Inequity in Self Help Groups – a view from India’s centre
The self help group (SHG) methodology has evolved as a very effective microfinance delivery system in India. However, it is still far from meeting the needs of all India’s poor. This paper sets out to examine the continuing issue of inequity in the SHG programme – inequity between states, within states, within communities and within groups themselves. At state level it is clear that there is a considerable disparity in the extent to which the SHG movement has developed. The evidence suggests that poorer states are less successful in terms of SHG coverage. This can be related to the existence of poorer health, education, governance and infrastructure in these states as well.
Field studies were carried out in Jabalpur district in Madhya Pradesh to explore the question of inequity in more detail. Madhya Pradesh is one of the least successful states in terms of SHG coverage and Jabalpur district is the least successful district. Following interviews with the District Central Cooperative Bank, a number of Primary Agricultural Cooperative Societies (PACS), Regional Rural Banks (RRB) and SHG Promotion Institutions, the authors note a variety of problems including complicated bank procedures, a lack of information, a lack of coordination between agencies, a lack of effective SHG facilitators and a lack of profitable investment opportunities for group members.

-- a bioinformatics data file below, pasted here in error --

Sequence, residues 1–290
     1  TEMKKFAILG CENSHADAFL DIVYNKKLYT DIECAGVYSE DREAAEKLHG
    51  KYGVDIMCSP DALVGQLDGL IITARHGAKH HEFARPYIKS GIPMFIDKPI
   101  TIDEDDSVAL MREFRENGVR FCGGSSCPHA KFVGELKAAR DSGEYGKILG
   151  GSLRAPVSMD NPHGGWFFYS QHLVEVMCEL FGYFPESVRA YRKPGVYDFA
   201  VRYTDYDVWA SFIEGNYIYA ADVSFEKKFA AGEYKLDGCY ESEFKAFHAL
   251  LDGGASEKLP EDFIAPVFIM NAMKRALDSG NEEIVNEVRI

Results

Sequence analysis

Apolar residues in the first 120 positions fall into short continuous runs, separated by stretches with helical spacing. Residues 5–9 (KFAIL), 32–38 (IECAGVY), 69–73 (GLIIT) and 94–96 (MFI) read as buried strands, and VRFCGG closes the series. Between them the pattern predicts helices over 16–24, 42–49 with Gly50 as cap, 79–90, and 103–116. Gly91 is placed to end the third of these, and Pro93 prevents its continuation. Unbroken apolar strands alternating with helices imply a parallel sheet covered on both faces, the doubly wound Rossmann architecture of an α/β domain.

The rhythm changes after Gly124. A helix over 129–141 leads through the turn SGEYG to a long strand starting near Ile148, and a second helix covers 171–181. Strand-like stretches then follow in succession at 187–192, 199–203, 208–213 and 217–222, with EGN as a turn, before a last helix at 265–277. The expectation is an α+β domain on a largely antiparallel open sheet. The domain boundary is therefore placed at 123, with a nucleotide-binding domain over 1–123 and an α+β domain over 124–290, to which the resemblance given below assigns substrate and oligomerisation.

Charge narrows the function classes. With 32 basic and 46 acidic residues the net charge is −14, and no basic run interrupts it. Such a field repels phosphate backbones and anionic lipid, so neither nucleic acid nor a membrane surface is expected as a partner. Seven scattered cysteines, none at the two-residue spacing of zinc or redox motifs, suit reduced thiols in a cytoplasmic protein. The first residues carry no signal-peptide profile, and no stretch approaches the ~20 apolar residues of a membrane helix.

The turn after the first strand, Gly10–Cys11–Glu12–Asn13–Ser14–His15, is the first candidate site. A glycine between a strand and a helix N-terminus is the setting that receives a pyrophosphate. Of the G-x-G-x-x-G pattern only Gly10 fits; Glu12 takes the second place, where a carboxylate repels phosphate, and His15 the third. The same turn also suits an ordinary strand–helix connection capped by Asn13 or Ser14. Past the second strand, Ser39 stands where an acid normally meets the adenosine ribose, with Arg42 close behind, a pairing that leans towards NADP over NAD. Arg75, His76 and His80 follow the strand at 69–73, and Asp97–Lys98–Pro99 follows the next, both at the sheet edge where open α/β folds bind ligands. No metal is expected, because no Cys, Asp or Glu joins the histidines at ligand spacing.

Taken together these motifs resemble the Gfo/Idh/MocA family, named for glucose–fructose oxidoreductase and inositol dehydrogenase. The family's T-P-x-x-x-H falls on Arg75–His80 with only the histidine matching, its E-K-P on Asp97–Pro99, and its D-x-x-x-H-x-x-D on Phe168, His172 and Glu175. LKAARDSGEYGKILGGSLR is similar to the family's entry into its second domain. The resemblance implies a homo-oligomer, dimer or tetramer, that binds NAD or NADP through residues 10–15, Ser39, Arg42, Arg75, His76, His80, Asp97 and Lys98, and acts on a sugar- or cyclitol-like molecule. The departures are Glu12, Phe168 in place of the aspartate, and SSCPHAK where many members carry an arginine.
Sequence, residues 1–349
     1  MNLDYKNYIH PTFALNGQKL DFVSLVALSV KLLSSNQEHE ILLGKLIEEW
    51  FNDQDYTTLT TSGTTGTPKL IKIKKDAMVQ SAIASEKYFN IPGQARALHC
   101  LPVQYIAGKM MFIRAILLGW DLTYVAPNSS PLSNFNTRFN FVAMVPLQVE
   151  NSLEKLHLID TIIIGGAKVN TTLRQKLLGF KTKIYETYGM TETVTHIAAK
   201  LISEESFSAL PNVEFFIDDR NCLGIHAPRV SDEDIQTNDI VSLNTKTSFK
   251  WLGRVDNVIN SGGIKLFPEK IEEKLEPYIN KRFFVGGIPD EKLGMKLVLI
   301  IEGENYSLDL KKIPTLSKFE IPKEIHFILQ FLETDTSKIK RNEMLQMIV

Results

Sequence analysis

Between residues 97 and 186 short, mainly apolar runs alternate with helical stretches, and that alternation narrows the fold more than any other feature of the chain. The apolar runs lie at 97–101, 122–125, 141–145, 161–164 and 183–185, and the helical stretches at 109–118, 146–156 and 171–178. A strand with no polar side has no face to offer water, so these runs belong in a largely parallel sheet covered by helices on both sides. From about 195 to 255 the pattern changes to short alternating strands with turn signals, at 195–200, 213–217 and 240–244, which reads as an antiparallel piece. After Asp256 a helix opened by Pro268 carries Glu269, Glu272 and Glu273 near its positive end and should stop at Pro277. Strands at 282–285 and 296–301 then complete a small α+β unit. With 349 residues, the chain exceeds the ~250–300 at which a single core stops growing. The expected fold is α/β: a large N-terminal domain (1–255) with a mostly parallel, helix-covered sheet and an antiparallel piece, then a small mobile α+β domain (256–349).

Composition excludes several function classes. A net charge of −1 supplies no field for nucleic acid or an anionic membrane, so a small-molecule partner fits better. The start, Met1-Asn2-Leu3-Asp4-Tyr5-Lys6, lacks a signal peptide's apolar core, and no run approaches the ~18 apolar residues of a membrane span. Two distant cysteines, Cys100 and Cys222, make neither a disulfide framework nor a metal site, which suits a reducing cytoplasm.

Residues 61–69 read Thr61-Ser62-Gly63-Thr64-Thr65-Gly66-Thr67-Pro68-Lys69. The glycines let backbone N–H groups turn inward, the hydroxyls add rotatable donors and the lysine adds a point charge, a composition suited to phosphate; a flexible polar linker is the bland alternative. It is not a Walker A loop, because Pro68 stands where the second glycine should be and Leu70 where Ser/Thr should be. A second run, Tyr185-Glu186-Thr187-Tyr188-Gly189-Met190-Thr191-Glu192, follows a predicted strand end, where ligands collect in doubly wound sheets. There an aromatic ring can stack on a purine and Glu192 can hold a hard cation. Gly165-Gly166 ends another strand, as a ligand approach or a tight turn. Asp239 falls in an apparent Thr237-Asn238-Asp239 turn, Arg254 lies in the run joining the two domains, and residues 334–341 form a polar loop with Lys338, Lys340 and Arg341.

The study draws on a variety of sources to assess the issue of inequity within SHGs. The result is inconclusive but with sufficient evidence to suggest that in many groups the better off do take more advantage of membership than the poorest. It is the same tendency that Marx noted – the rich generally get richer and the poor poorer. Suggested solutions to the issue of inequity include much greater initiative being shown by RRB staff to promote and work with groups not as a charitable exercise but because it is good business. Cooperative staff could benefit from opportunities to visit successful societies elsewhere and learn from their experience. At national level, the National Bank for Agriculture and Rural Development (NABARD) could proactively target areas with low SHG penetration for an increase in promotional resources and staff. Overcoming inequity is a matter of institutional will.